3. 3. Sage HRMS Top Business Challenges for Today’s CEO The current economic environment has forced CEOs to focus almost all of their attention on revenues and profitability. They must be very aware of what competitors are doing— and competitors can be anywhere in the world. Additionally, executives are watching the government for indications of changing regulations and tax issues. What the C-Suite Worries About 54% 51% 65% 40% 49% 60% 59% 54% Top Threats to Business Growth Cited by Chief Executive Officers (CEOs)1 • 65% Protracted global recession • 60% Over-regulation • 59% Lack of stability in capital markets • 54% Low-cost competition • 54% Energy costs • 51% Availability of key skills • 49% Protectionist tendencies of government • 40% Inflation Top Concerns of Chief Financial Officers (CFOs)2 External 1. Federal Government agenda/policies 2. Consumer demand 3. Price pressure from competitors Internal 1. Maintaining profit margins 2. Rising healthcare costs 3. Low employee morale What the CEO Wants to Change About Workforce Management In many ways, the recent economic troubles served to shine a spotlight on workforce management issues for many executives. Whether it was navigating layoffs, reducing labor costs, cross-training employees, or simply keeping the workforce morale up, many leaders found that their organizations were not as nimble or flexible as they would like. Percentage of CEOs planning “large” or “significant” changes to areas of people management: - 41% Better managing of people through change - 41% Morale and employee engagement - 40% Training and development - 25% Flexible working environments 3 - 22% Collaboration with a network of outside specialists - 18% Compensation levels - 14% Pension and healthcare benefits 1 PriceWaterhouseCoopers, 13th Annual Global CEO Survey 2010. 2 Duke/CFO Business Outlook Survey, “Global CFO Survey: CFO Optimism Tumbles, Employment Outlook Bleak,” September 15, 2010. 3 PriceWaterhouseCoopers, 13th Annual Global CEO Survey 2010. 3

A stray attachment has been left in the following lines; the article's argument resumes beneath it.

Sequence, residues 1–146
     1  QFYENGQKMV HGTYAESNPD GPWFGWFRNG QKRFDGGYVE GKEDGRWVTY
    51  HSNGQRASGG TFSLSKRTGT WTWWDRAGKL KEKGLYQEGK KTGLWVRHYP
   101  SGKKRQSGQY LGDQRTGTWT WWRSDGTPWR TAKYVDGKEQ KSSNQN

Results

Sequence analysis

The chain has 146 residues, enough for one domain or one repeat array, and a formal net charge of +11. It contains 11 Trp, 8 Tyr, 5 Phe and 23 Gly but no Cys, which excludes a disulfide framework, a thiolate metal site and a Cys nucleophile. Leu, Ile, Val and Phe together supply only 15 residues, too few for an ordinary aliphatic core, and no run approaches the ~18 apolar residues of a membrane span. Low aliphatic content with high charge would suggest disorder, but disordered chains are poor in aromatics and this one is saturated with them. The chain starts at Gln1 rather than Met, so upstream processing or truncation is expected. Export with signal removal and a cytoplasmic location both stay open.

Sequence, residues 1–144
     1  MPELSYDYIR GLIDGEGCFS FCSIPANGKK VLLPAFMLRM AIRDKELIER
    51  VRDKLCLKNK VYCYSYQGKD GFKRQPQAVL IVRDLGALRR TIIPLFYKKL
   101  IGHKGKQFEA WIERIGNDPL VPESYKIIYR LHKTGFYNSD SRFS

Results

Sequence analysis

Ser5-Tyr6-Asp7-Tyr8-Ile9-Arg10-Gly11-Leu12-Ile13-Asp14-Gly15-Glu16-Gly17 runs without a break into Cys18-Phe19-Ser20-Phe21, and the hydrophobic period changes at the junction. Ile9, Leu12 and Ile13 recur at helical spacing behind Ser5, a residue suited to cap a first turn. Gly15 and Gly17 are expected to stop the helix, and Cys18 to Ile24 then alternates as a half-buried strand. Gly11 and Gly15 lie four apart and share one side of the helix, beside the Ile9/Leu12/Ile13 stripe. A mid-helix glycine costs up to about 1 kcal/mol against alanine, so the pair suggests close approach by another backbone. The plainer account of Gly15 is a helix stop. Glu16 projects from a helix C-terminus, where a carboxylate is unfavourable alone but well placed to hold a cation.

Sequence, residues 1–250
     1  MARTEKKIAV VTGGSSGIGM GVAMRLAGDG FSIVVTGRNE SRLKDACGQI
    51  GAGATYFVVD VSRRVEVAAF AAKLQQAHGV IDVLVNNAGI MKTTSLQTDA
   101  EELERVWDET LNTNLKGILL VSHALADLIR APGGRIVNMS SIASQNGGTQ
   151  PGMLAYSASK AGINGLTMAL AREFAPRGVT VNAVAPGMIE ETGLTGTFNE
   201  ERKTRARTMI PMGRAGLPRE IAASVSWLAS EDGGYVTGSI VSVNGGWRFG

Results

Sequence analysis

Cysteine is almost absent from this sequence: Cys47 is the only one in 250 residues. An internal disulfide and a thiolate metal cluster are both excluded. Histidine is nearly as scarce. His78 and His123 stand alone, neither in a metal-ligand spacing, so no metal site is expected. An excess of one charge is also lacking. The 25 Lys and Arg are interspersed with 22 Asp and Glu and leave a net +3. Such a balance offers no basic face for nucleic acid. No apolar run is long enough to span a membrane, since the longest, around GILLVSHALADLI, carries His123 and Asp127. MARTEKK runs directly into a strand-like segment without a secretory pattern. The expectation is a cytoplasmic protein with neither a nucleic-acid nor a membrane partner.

4. 4. Sage HRMS To Deliver Strategic Value, Keep an Eye on the Bottom Line. 4 Labor costs (compensation and benefits) account for nearly one-third of operating costs , so how HR manages the workforce has a direct impact on achieving profitability objectives. One of the best ways to set your HR strategy is to align workforce management goals with corporate objectives. That means keeping an eye on how your programs and decisions will impact the bottom line. Aligning labor costs with the quality of the workforce can dramatically improve financial performance. A 2009 study found leaders in talent management enjoyed 5 superior financial results, including 54% higher net profit margins and 18% better EBIDTA. Has HR Joined the Executive Team? To add strategic value, HR leaders should step outside the human resources arena and truly understand the business. What does your company do? How much does it cost to deliver products? How does the competition do it? Who are your customers? Develop a workforce that supports the company’s goals and customers. Help the executive team stay ahead of HR issues by finding answers before they ask questions. Are HR departments fulfilling this mission today? According to HR professionals, the answer is still no. What role does senior HR leadership play in supporting and delivering organizational growth? 6 - 10% HR is not included in the growth strategy. - 33% HR is “on the sidelines,” but contributes to spot roles such as recruiting. - 22% Senior HR leaders are consulted, but are below executive team level. - 16% HR is the key to positioning the organization for growth. - 19% Senior HR leaders are part of the executive team. KEY METRIC: Labor Cost Revenue Percent This metric describes labor costs in terms of the amount expended for each dollar of revenue the business generates. It is basically the return on investment for your labor force. Divide total annual labor costs by revenue and express it as a percentage: Labor Cost = Revenue Percent (Compensation + benefits cost) Annual Revenue x 100 7 On average, organizations spend about 22 cents in labor for every dollar of revenue. But the average for your specific industry is a better measurement of competitiveness. Peopleintensive industries such as professional services have a higher labor cost revenue percent. 4 Saratoga PwC, 2009/2010 US Human Capital Effectiveness Report. 5 Tony DiRomualdo, Stephen Joyce, and Nathalie Bression, “Key Findings from Hackett’s Performance Study on Talent Management Maturity,” October 2009. 6 Human Resource Planning Society (HRPS) and Institute for Corporate Policy (i4cp), HR’s Role in 7 Saratoga PwC, “Metric of the month: Labor cost revenue percent,” The Saratoga Review, October 2009 4